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Homeland Defense Chief: U.S. Safer Today Than on 9/11

By Jim Garamone
American Forces Press Service

WASHINGTON, Sept. 11, 2006 – The United States is undoubtedly safer than five years ago, but “we are not yet safe,” Paul McHale, assistant secretary of defense for homeland defense, said here today.

DoD has defensive capabilities in place today that did not exist five years ago, McHale said during an interview. “We have fighter aircraft ready to defend our domestic aircraft in a way that would have been difficult if not impossible half a decade ago,” he said.

DoD has Army units on alert, ready to deploy in order to defeat a foreign terrorist threat on U.S. soil. Navy ships are identified for deployment to defeat a terrorist threat on the high seas before threats are able to enter a U.S. port, he said.

“We have tens of thousands of soldiers -- most notably, members of the National Guard -- who would be available to respond, if required, to two near-simultaneous threats involving weapons of mass destruction within the United States,” McHale said.

“When you look at what we’re doing today to defeat a domestic air threat, to ensure that a ground-based attack will not be successful, to enable U.S. Navy ships to interdict and defeat a maritime threat on the high seas – and then to respond to such an attack if one were to occur undeniably, unquestionably we are better prepared today but we still have deficiencies that need to be addressed,” he said.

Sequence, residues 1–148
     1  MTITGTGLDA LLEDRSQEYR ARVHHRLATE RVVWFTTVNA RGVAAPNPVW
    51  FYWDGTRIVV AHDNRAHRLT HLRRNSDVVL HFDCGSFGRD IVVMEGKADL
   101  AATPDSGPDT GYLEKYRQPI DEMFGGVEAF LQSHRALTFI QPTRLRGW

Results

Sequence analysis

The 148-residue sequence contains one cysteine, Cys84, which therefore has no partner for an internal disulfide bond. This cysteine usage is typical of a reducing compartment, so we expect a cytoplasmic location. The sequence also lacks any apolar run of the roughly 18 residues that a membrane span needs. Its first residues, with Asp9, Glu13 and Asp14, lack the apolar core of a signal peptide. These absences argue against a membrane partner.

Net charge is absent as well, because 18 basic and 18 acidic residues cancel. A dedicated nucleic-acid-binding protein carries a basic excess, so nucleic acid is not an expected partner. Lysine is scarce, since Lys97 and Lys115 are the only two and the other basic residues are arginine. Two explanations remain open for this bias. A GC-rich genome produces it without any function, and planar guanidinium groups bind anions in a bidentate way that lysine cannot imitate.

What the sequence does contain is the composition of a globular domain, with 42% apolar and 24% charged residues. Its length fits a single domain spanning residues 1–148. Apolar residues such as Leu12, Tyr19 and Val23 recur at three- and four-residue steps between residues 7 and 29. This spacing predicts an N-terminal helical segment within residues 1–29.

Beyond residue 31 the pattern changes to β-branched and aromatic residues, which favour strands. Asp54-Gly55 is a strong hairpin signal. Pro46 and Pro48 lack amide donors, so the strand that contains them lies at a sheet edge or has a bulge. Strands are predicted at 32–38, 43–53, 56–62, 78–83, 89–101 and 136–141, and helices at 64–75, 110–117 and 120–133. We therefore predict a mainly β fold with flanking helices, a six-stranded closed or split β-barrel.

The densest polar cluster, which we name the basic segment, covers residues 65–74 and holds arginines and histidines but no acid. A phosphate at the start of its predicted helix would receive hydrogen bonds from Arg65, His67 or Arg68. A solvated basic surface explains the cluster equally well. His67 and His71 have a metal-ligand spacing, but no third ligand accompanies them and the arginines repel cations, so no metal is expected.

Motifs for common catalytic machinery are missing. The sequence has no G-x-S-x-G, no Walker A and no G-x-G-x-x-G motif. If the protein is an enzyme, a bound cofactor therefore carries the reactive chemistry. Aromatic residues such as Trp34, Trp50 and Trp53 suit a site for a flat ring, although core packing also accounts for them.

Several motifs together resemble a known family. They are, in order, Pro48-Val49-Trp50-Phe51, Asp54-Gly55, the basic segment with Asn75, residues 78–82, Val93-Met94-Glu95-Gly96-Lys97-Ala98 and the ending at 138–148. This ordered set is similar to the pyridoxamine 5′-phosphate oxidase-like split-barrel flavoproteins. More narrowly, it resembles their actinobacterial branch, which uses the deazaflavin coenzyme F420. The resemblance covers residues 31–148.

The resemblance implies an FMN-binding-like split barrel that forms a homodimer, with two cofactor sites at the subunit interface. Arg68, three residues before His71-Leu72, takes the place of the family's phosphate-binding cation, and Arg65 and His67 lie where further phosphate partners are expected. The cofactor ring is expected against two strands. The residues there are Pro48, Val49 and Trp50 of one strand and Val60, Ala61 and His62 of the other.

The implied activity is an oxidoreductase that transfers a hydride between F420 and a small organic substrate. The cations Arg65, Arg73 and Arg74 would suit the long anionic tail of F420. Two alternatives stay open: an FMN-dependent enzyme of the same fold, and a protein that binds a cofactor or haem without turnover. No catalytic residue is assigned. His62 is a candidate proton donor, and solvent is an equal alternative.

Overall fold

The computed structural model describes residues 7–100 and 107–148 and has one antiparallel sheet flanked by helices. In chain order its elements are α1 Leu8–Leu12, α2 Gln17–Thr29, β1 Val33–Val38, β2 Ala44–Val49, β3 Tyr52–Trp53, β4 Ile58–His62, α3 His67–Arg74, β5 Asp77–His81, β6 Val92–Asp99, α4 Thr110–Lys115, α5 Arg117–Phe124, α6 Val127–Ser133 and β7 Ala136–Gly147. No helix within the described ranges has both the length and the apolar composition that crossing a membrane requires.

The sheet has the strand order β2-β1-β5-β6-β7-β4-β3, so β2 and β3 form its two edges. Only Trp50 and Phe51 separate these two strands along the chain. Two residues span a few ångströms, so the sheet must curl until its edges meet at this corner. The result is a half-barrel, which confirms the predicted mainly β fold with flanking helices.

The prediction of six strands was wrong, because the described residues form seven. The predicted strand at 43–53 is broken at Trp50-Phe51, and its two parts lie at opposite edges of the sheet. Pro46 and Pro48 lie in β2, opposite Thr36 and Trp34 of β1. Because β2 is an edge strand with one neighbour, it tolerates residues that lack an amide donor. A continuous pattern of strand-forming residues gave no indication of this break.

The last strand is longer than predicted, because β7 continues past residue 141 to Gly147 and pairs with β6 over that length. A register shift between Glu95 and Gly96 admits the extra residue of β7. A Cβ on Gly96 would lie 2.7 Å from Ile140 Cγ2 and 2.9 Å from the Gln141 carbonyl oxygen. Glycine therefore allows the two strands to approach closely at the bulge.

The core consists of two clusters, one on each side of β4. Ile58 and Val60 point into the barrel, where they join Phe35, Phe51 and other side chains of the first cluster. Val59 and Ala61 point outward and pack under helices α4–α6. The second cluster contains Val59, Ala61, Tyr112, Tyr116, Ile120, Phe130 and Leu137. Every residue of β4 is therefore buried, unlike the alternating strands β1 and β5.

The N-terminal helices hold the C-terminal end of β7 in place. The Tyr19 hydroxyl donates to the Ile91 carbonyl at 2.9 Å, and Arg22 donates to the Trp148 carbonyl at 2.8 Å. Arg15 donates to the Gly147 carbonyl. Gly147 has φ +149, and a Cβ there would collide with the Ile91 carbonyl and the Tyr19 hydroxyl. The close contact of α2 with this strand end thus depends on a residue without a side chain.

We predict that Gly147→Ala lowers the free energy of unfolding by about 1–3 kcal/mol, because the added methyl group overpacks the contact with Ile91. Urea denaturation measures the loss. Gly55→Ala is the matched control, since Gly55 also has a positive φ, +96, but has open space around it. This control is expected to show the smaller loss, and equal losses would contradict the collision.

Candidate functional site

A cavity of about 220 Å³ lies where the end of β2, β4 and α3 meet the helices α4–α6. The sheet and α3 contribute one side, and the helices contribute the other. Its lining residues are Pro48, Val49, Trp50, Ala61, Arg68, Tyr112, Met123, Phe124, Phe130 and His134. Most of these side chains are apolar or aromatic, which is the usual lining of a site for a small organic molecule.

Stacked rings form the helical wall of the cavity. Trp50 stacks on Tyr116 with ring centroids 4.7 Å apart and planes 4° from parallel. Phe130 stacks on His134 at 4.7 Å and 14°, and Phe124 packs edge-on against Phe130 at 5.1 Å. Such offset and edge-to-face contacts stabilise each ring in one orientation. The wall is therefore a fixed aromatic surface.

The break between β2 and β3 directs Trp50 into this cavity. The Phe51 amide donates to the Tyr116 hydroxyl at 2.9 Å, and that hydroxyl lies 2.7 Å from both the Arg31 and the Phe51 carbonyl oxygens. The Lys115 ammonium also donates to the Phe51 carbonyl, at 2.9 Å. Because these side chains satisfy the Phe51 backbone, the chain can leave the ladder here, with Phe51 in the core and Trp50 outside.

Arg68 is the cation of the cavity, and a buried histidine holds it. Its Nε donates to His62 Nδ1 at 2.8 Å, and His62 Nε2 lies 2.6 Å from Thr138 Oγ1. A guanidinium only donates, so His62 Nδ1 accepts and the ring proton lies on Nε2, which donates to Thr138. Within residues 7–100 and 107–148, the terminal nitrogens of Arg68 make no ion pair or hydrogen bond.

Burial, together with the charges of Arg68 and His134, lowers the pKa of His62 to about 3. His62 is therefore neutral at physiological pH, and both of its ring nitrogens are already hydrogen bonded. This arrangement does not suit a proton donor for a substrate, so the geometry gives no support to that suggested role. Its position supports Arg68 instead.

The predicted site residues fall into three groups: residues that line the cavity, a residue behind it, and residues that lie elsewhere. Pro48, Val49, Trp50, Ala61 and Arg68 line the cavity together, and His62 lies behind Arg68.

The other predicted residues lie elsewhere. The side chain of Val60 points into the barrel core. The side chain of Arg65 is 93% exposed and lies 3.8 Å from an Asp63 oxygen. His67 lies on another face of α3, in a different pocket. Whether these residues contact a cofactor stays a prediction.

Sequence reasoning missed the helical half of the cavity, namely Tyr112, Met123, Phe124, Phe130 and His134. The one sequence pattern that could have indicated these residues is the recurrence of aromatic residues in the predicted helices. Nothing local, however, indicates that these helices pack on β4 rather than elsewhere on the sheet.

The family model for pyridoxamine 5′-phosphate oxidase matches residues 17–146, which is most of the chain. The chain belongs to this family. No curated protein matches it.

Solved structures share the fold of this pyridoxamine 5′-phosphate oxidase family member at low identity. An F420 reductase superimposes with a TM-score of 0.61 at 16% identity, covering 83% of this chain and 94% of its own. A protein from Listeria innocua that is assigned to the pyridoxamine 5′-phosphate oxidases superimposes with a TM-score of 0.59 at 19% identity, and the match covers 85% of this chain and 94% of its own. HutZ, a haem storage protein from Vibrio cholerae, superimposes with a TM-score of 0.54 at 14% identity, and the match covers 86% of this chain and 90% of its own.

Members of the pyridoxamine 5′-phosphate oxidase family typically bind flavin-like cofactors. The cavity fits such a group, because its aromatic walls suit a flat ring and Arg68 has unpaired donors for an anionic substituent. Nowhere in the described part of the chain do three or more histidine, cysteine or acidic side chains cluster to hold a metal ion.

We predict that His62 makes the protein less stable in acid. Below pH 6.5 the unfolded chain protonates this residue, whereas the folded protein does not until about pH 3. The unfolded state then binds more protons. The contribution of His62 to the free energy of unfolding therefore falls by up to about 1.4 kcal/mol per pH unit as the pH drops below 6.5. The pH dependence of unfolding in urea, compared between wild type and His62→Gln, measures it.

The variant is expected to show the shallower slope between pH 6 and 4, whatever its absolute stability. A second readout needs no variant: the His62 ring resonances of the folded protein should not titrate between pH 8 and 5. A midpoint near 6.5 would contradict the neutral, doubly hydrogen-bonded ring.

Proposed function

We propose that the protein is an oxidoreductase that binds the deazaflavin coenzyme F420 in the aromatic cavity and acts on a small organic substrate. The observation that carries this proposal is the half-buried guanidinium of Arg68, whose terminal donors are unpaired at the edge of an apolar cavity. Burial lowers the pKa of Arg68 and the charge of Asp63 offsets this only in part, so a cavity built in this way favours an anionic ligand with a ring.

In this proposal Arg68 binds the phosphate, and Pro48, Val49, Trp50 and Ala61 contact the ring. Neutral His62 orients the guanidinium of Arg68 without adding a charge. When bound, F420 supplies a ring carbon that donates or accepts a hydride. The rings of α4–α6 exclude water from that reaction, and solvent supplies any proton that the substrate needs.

For example, DoD is working to improve interagency communication. “Five years ago, the interagency process as it pertains to homeland security was broken,” McHale said. “We have repaired that system in the past five years.”

More than 60 men and women from McHale’s office work full-time at the Department of Homeland Security. McHale himself is “in frequent, often daily” communication with Homeland Security Secretary Michael Chertoff and his subordinate senior officials.

“The partnership between DHS and DoD could not be closer,” he said, “particularly with regard to planning, the sharing of information and preparation for the joint deployment of capabilities to protect our country.”

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Biographies:
Paul McHale


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